Teenagers 101 by Rebecca Deurlein

I think at many times in their career, really good teachers wish they could have a very long heart to heart talk with many of their kids’ parents and set them straight (the kids and the parents).  Something deeper than a parent-teacher conference but well before issues with teens are beyond correcting. This book feels very much like a personal discussion about kids – about a teacher’s perspective on our teens and ways to deal with problems from homework to appearance. There isn’t a lot of muddled science about pituitary glands, hormones, and physiological changes. It’s just straightforward, if fairly lightweight, discussions about teens and getting them through the high school years.


The book breaks down as follows, How to motivate kids to do things; How to encourage perseverance in the age of instant gratification; Too old to run to mom or dad: when to get involved and when to step back; Getting teens to accept responsibility for their work, their decisions, and their mistakes;  How to get the most from parent-teacher conferences and open houses; Homework and extracurricular: should you still be involved in high school?; The real value of advanced placement (AP) courses and who should take them; College isn’t for everyone: is it best for your child?; The dangers of coddling: helping your kids develop healthy esteem; Making sure teens know that the way they look and sound matters; Getting kids organized: a strong foundation for a lifetime of success; How to prepare your teens for adulthood; Conclusion.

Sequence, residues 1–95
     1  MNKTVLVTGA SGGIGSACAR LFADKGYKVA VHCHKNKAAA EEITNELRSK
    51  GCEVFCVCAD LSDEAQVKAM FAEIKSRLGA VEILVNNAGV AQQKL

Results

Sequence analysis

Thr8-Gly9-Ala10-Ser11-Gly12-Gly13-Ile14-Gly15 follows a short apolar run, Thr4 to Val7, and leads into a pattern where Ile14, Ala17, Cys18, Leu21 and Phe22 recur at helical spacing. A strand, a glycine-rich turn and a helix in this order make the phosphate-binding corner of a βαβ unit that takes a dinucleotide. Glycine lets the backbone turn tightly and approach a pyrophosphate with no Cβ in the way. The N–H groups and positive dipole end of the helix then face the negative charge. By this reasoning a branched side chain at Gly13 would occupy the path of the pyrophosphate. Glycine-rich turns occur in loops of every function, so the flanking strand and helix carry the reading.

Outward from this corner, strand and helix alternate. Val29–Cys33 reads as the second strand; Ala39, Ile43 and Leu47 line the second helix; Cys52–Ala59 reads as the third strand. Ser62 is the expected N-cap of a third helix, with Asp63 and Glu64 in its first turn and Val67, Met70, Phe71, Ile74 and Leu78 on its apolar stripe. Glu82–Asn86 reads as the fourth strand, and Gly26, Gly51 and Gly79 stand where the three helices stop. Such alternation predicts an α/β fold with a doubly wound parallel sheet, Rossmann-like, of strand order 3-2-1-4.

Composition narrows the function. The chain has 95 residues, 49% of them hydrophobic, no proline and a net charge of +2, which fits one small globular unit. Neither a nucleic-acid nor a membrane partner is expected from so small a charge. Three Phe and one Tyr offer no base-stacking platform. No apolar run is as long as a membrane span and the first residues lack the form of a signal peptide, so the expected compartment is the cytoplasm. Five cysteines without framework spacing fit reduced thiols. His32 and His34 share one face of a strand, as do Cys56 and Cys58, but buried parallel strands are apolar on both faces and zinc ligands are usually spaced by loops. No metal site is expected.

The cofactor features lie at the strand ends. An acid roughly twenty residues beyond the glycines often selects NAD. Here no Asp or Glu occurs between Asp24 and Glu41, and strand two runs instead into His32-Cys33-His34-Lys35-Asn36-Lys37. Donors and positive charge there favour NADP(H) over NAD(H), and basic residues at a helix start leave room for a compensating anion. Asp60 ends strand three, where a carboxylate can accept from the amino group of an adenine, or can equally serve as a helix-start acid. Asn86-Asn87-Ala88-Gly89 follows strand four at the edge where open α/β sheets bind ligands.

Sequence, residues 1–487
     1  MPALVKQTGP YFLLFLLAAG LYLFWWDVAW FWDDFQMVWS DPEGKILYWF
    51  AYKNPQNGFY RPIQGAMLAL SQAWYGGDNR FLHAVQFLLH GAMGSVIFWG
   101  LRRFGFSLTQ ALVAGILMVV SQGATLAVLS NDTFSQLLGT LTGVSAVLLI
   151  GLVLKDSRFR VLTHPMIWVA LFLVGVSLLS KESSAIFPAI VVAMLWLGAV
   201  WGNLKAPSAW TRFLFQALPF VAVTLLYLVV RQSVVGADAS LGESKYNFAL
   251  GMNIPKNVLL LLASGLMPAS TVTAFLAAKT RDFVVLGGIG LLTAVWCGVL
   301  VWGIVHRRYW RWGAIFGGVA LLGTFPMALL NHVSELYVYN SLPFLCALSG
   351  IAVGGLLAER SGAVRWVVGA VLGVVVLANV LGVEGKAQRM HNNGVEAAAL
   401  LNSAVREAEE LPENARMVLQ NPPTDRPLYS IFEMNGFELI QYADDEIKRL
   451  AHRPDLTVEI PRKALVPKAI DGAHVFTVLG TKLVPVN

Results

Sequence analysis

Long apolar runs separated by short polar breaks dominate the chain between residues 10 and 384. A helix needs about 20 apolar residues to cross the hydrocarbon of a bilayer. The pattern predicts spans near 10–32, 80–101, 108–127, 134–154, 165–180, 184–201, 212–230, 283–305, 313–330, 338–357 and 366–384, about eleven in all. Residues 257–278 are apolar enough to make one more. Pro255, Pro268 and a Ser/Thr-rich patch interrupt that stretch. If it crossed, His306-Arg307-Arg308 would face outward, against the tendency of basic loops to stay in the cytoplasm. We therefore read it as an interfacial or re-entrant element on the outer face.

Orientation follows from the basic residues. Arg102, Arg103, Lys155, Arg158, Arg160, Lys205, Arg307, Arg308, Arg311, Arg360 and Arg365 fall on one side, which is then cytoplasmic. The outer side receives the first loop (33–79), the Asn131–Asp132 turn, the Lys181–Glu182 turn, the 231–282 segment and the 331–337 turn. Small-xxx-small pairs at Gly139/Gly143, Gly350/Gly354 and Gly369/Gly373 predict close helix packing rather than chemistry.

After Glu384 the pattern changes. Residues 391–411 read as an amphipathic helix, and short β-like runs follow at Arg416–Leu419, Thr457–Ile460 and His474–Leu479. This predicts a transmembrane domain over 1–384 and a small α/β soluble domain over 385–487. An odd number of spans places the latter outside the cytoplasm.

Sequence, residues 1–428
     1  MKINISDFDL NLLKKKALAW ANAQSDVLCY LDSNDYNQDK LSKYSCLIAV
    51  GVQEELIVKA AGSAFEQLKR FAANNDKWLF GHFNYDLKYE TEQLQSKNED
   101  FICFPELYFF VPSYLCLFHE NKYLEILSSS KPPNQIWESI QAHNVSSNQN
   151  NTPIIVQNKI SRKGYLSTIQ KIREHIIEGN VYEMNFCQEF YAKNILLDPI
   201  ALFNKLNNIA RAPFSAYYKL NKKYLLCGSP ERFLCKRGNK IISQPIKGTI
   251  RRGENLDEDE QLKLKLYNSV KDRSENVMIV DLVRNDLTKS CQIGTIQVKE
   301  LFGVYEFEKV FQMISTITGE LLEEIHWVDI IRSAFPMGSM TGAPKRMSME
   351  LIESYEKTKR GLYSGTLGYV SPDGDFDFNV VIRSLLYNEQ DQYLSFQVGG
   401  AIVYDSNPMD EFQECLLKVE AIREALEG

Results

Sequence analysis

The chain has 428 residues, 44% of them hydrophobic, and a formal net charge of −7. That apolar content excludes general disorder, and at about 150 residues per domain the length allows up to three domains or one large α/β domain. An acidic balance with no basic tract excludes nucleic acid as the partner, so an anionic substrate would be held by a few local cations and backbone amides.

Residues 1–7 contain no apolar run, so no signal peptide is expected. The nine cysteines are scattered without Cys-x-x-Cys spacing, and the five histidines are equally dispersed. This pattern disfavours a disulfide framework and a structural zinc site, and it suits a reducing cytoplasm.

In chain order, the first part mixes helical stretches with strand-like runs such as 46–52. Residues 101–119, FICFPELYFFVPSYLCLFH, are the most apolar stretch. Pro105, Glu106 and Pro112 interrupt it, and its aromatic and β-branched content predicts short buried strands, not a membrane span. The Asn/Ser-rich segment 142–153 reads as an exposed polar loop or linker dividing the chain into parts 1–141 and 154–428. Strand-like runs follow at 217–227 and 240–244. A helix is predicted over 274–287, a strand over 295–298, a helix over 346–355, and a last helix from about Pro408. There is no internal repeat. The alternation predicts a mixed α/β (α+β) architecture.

Most of the chapters begin with examples of kids author Deurlein has encountered in her teaching career. From those examples, she gives hypothetical situations and then reasons why certain responses/reactions would be better than others and explains her reasoning. There is the usual emphasis on helicopter parenting – a whole section and a lot of references in other chapters. That clearly is the problem with American children these days and it looks to be getting much more widespread and problematic as the years go by. But there are many other important topics covered as well – such as dealing with teachers and working as a team to raise the best kids possible.

The nature of the information in here makes this more of a basic primer but the information is very worthwhile all the same. I find it more useful for early teen parents but can help with some later teen parents as well. Those with tweens or kids just hitting puberty will find some good habits to begin before high school but should be aware that the chapters are more about dealing with teens now rather than preparing to deal with them in coming years.

Teenagers 101 is an easy read without a lot of science doublespeak. That isn’t to say that the author has not researched the topic and isn’t knowledgeable about the physiological changes and recent studies from the scientific community. But this is much more of a perspective from someone ‘in the trenches’ – a high school teacher and parent who raised teens herself. That makes it a very valuable resources in itself.

Reviewed from an ARC.

This entry was posted in ARC, Book Reviews, home schooling, non fiction. Bookmark the permalink.

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